The political and social climate in France in 1847 was anything but favourable to religious congregations. Despite a decree prohibiting the establishment of further religious communities, the Archbishop of Paris, Monseigneur Affre, who had known Marie Madeleine when he was a priest in Amiens and was her friend and a supporter of the Faithful Companions of Jesus, warmly welcomed the Sisters to his Archdiocese.
It was not a sudden impulse that directed Marie Madeleine to Paris. She had considered the idea for some time. A house in the capital would provide the opportunity to work with the poor, be a pied à terre for herself and her sisters on their frequent journeys, and provide a more convenient administrative centre for the Society. Further, it could become her place of residence when she was not visiting the houses.
It was January 1848 when Marie Madeleine bought the Paris property and political tension was high. The unrest of subsequent months culminated in a revolution that summer. There were violent clashes in the streets, many deaths and much sorrow. In July, Monseigneur Affre lost his life in an heroic attempt to bring peace at the barricades. Marie Madeleine wrote, From time to time, just when the need is greatest, God raises up a protector for us; he then withdraws him, leaving us again without human support. Monseigneur was our one support in Paris.
In the months following the summer Revolution, Marie Madeleine remained in Paris to care for the children in greatest need. She washed, dressed and fed them. To those advising her to spare herself, because of her age and poor health, she gave a characteristic reply: We should work not as ladies to pass the time but as do the poor to earn their living. Having experienced life as a lady she was able to appreciate the difference!
Throughout the political unrest the Sisters worked for the poor of the district. Eventually a school was established, together with an administrative centre and a novitiate. The house became Marie Madeleine’s residence and she lived there between her visits to the other houses in France, as well as to those in Italy (Savoy), Switzerland, Ireland and England.
The Paris house was born amidst great political unrest and uncertainty, and Marie Madeleine always encouraged her sisters to have a special regard for this house. It was here that she died on April 5th 1858.
To this day, the room in which she died is preserved as a place of prayer and pilgrimage. Beside her room is a small museum containing things precious to her memory.
Marie Madeleine’s room in Paris, the place where she died
Travelling from Issoudun to Bourges you normally (though not inevitably) enter the city over Pont d’Auron and it is from this bridge that Notre Dame du Pont, the statue preserved in Marie Madeleine’s room in Paris (and shown at the bottom right), takes its name. Originally it stood in one of the niches in the bridge. Rescued by M de Bengy to prevent desecration, it was later given by him to Mére Legrand around 1827/8 and taken to Châteauroux. It was there that in 1830/1 Mère de Courville experienced it weeping. Since that time its journey has taken it from Châteauroux to Turin, Carouge and finally Paris in 1850.
A tour of the artefacts from the life of Marie Madeleine in our Paris museum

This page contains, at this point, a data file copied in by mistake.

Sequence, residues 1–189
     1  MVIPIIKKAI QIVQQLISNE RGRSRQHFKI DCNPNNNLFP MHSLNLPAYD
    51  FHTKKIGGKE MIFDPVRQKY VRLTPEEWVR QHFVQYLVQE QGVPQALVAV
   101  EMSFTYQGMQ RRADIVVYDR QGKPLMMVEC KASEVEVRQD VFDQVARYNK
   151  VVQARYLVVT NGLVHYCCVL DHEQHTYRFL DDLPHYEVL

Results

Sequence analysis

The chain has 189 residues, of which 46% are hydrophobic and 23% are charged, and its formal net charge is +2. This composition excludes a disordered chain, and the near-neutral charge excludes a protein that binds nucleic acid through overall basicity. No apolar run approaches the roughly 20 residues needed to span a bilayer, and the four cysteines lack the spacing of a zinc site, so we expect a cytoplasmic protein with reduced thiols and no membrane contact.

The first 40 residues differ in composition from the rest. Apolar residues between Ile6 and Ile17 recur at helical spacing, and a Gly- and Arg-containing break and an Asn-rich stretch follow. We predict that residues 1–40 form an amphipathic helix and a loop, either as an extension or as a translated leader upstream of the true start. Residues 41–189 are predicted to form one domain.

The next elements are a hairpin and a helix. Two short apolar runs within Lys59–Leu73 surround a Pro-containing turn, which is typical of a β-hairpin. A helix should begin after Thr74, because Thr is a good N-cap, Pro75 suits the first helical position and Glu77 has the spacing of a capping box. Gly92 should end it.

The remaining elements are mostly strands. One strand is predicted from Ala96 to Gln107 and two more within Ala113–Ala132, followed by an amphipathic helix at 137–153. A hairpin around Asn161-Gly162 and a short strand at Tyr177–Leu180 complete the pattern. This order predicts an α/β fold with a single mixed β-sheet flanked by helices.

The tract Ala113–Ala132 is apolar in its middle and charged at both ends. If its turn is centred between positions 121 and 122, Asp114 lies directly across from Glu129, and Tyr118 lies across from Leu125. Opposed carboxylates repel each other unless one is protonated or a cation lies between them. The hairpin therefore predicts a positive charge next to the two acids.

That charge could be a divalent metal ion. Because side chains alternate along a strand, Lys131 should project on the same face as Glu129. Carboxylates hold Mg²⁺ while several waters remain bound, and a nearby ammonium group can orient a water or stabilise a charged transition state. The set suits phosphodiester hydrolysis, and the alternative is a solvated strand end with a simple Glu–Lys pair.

This morning Sr MaryAnne fcJ and Emily (Head Girl at Upton Hall FCJ were invited for a chat with Helen Jones on DayBreak on BBC Radio Merseyside.They were talking about the Day of Kindness which launched the start of the Bcientenary Year of Celebrations for the FCJ family around the world.Listen to what they had to say on www.bbc.co.uk/programmes/p07m7gp8 Their interview starts about 1hr 22 mins in. Enjoy!#FCJ200MaryAnne FrancalanzaBBC Radio Merseyside... See MoreSee Less
To honour our foundress, this week FCJ Sisters and all FCJ schools took part in random acts of kindness as Marie Madeleine once did. With the anniversary of her birthday today, it is fitting that we c...
One of the commitments of the FCJ Sisters in Europe for our Bicentenary #FCJ2020: to celebrate the beauty of creation and make a positive contribution to our local environment. www.fcjsisters.org/news/living-our-bicentenary/Photo: Sr Alicia fcJ (far left) with the #worldcleanup day team in Manchester. ... See MoreSee Less
One of the commitments of the FCJ Sisters in Europe for our Bicentenary:to publicly acknowledge the impact of climate change on the poorest people in Society, raising awareness of issues locally, nationally and internationally, and becoming involved in advocacy where possible. #FCJ200 #FCJSisters ... See MoreSee Less
FcJ students across the world will launch our Bicentenary Celebrations tomorrow with a DAY OF KINDNESS #fcjsisters #fcj200 The bags are ready as surprise gifts in one of our schools in UK ... See MoreSee Less
We, the Faithful Companions of Jesus, were founded in France in 1820. With gratitude and joy for God’s faithfulness we enter our bicentenary celebrations which run from 21st September 2019 until the...
Day 7 of the novena...Join us in our novena in memory of Marie Madeleine. #FCJ200Day 7: FOUR DISPOSITIONS21 June 1817. Marie Madeleine was shown four dispositions which God asked of her personally: 1) to desire nothing; 2) to be always united with God, to be one with him; 3) to desire nothing but the accomplishment of God’s will; 4) to remain always in the presence of God like an empty vessel ready to receive all that God pleases to place therein. ... See MoreSee Less
Day 4 of the Novena...Join us in our novena in memory of Marie Madeleine... #FCJ200Day 4: VOW OF CHASTITY1 June 1817, Trinity Sunday. Marie Madeleine sensed the call to make a vow of chastity which, up to this point, she had not at all desired…. But now she could record “I readily and joyfully made the vow”. She did so dependent on her confessor’s approval… It was to be renewed on a day that would be made clear to her. ... See MoreSee Less